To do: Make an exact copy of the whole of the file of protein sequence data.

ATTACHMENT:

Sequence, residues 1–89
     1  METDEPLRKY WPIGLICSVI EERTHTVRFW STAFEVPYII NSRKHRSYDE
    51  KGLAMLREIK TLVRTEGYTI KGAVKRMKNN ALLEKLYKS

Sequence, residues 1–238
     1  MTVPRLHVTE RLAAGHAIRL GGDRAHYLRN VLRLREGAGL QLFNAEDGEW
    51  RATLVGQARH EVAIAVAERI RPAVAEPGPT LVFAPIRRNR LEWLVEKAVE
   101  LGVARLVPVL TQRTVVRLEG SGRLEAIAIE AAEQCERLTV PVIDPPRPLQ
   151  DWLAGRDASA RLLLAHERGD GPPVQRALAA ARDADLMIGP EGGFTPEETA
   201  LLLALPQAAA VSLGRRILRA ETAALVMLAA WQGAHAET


Sequence, residues 1–89
     1  METDEPLRKY WPIGLICSVI EERTHTVRFW STAFEVPYII NSRKHRSYDE
    51  KGLAMLREIK TLVRTEGYTI KGAVKRMKNN ALLEKLYKS

Sequence, residues 1–238
     1  MTVPRLHVTE RLAAGHAIRL GGDRAHYLRN VLRLREGAGL QLFNAEDGEW
    51  RATLVGQARH EVAIAVAERI RPAVAEPGPT LVFAPIRRNR LEWLVEKAVE
   101  LGVARLVPVL TQRTVVRLEG SGRLEAIAIE AAEQCERLTV PVIDPPRPLQ
   151  DWLAGRDASA RLLLAHERGD GPPVQRALAA ARDADLMIGP EGGFTPEETA
   201  LLLALPQAAA VSLGRRILRA ETAALVMLAA WQGAHAET